If there was one thread that could draw all the 97th National Convention of Agudath Israel’s Thursday night sessions together, it was this simple message: You can do it. And, as elaborated on by the Rabbanim and leaders who participated in the evening’s sessions, you can make a much bigger impact than you thought you might.
The convention’s theme is “Stories. Yours. Theirs. Ours.” The stories of the Avos, as described by Rabbi Malkiel Kotler, Chaver Moetzes Gedolei HaTorah and Rosh HaYeshiva of Beis Medrash Govoha, teach us how to live our lives; the story of Agudas Yisroel of America is the epitome of hashgachah pratis, as noted by Convention Chairman Ronnie Wilheim; and the stories of individuals whose “small” act, said Rabbi Yaakov Bender, Rosh HaYeshiva of Yeshiva Darchei Torah, produced disproportionate results.
An example of this was brought home in a moving video detailing the story of Eliana Cohen. Eliana was 18 months old when she was diagnosed with a rare genetic disorder. Unlike many such diseases there was a medical treatment available. But it cost 2.2 million dollars, and would have to be administered in a time-frame that made it almost impossible to execute. As Rabbi Moshe Matz, Executive Director of Agudath Israel of Florida, said, while introducing Rabbi Ariel Cohen, Eliana’s father, “The story of the Cohen family is a tome that consists of many chapters.” One of those chapters, certainly, was the assistance Rabbi Matz and Agudath Israel of Florida were able to offer the Cohen family. “Thank you for being there for us, for making our story, your story,” said Rabbi Cohen, thanking Klal Yisroel for their assistance.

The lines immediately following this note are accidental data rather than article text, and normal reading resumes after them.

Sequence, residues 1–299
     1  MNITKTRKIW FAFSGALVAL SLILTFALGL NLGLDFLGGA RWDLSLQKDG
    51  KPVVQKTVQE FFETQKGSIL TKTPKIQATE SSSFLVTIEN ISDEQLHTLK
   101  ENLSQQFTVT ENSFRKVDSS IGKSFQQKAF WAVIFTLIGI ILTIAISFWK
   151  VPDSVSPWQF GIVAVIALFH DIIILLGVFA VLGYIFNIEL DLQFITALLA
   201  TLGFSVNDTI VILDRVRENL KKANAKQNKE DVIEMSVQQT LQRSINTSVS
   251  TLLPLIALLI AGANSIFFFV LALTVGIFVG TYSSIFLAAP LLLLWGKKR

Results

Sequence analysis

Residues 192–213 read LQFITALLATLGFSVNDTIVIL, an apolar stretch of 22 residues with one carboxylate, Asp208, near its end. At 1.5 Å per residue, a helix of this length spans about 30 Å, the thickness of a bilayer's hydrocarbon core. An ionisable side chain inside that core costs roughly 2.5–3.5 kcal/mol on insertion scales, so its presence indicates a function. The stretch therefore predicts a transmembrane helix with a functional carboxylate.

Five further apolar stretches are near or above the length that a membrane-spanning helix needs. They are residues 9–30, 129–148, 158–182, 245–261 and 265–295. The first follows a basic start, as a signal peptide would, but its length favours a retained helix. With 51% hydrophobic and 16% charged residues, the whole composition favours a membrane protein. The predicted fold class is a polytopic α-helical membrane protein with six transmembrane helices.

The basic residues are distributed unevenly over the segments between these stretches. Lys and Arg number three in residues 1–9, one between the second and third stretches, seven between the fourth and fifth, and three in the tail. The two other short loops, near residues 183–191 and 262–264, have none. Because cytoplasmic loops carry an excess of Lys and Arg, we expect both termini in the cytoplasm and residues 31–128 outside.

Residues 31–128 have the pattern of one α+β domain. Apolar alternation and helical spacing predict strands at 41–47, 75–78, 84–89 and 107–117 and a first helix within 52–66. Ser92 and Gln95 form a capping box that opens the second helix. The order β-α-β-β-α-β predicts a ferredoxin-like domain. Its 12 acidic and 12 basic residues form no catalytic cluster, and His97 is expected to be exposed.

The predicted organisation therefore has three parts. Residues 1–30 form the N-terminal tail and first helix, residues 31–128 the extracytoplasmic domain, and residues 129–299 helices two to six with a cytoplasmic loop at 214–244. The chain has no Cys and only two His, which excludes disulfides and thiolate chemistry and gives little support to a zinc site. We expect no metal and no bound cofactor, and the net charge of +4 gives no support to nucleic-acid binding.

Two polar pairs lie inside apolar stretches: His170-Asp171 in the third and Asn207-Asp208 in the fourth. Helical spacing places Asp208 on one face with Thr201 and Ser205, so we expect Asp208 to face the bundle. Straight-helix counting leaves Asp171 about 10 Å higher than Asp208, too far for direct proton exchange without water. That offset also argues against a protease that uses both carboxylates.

But there are other stories, too – the stories of the man on the street, his concerns and his troubles.
Children of aging parents must deal with many issues and fight the blasé attitudes toward life’s value prevalent today among many medical professionals. “Somebody has to be around all the time, 24/7,” said Rabbi Yisroel Mantel, Morah D’Asrah, Khal Adas Yeshurun, on caring for ill parents, while in the same session, titled, “Aging Parents: Important Issues Parents and Children Must Know,” Rabbi Shmuel Lefkowitz, President, Chayim Aruchim, and Rabbi Eliezer Gewirtzman, Member, Machon Chayim Aruchim, spoke to the need for a person to know his rights in hospitals and to own the strength of their religious beliefs. The session, chaired by Rabbi Gedaliah Weinberger, Chairman of the Board, Chayim Aruchim, and Rivie Schwebel, Vice Chairman of the Board, Chayim Aruchim, also addressed practical halachic considerations of avoiding family conflicts over inheritance issues, as detailed by Rabbi Ari Marburger, Director, Business Halacha Institute.